(1) A vendor of land who conceals or fails to disclose to his vendee any condition, whether natural or artificial, which involves unreasonable risk to persons on the land, is subject to liability to the vendee and others upon the land with the consent of the vendee or his subvendee for physical harm caused by the condition after the vendee has taken possession, if

(a) the vendee does not know or have reason to know of the condition or the risk involved, and

(b) the vendor knows or has reason to know of the condition, and realizes or should realize the risk involved, and has reason to believe that the vendee will not discover the condition or realize the risk.

(2) If the vendor actively conceals the condition, the liability stated in Subsection (1) continues until the vendee discovers it and has reasonable opportunity to take effective precautions against it. Otherwise the liability continues only until the vendee has had a reasonable opportunity to discover the condition and to take such precautions.

RESTATEMENT (SECOND) OF TORTS § 353. Pennsylvania appears to have adopted these sections of the Restatement. See Philadelphia Elec. Co. v. Hercules, Inc., 762 F.2d 303, 312-13 (3d Cir. 1985) (applying Pennsylvania law); Shane v. Hoffmann, 324 A.2d 532 (Pa. Super. Ct. 1974) (holding real estate brokers and vendor liable under section 353 for the sale of a residential property that had a defective sewer).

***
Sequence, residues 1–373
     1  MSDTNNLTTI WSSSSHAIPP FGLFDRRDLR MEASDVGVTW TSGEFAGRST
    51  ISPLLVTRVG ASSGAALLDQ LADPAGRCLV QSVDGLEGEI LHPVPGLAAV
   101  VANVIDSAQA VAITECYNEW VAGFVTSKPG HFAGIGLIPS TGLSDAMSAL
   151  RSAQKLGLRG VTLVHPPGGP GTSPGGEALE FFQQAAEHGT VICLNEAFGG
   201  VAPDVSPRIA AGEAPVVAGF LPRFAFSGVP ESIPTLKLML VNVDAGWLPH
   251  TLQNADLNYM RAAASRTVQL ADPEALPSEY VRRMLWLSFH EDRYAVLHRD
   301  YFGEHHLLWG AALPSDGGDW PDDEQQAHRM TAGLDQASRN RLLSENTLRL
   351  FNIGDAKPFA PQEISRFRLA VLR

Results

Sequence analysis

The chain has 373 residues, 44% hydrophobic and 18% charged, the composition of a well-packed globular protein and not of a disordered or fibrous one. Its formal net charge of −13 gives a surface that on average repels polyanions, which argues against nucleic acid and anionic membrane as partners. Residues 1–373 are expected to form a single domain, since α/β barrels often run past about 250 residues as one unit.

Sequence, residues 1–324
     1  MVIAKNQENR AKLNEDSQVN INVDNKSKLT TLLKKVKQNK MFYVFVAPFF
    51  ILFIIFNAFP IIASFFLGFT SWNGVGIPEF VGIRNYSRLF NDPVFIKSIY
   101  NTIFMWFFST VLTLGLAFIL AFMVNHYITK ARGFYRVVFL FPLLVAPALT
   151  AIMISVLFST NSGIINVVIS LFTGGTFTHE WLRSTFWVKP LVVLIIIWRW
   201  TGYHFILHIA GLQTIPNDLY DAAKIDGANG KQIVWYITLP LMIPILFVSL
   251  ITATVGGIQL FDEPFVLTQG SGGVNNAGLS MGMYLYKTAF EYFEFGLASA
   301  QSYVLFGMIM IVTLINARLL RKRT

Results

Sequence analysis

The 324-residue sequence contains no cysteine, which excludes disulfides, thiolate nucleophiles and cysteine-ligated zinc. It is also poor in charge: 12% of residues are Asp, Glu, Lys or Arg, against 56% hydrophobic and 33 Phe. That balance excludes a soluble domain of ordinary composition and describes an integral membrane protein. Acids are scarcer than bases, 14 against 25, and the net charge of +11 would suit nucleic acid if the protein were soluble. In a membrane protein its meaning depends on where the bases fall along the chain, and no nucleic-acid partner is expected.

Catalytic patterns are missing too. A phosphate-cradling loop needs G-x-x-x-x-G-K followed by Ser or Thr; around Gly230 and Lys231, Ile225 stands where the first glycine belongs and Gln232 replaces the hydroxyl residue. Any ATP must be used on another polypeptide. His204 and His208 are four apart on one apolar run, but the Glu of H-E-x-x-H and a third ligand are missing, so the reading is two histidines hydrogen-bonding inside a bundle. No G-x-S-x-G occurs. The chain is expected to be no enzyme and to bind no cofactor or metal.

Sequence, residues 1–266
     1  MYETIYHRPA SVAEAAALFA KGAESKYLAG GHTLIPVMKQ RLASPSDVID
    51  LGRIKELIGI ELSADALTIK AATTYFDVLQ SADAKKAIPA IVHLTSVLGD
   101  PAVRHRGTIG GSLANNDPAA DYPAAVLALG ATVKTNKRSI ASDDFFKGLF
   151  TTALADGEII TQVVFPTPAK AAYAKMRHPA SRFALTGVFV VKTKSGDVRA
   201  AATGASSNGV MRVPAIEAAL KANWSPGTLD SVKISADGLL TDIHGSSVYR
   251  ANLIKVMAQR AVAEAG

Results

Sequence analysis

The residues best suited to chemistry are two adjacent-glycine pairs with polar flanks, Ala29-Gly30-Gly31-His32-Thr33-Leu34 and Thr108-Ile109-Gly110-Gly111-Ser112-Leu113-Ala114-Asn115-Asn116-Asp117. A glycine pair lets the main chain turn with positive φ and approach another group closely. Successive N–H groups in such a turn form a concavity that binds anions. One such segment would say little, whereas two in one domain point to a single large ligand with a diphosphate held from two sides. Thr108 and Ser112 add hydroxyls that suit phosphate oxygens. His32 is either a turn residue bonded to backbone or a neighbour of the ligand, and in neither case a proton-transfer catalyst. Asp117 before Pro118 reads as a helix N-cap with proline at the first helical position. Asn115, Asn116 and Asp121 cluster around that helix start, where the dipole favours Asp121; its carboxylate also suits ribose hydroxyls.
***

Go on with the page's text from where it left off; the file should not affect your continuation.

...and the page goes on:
The allegations set forth in Plaintiffs' Complaint fail to satisfy the elements of section 353. First, Plaintiffs allege that the Wileys, as vendees, "knew or in the exercise of reasonable care should have known of the defective and dangerous condition [of the deck]." (Doc. 1 ¶ 15.) Thus, according to Plaintiffs, the Wileys, as vendees, possessed the very knowledge or constructive knowledge that absolves the Orths, as vendors, of liability under section 353(1)(a).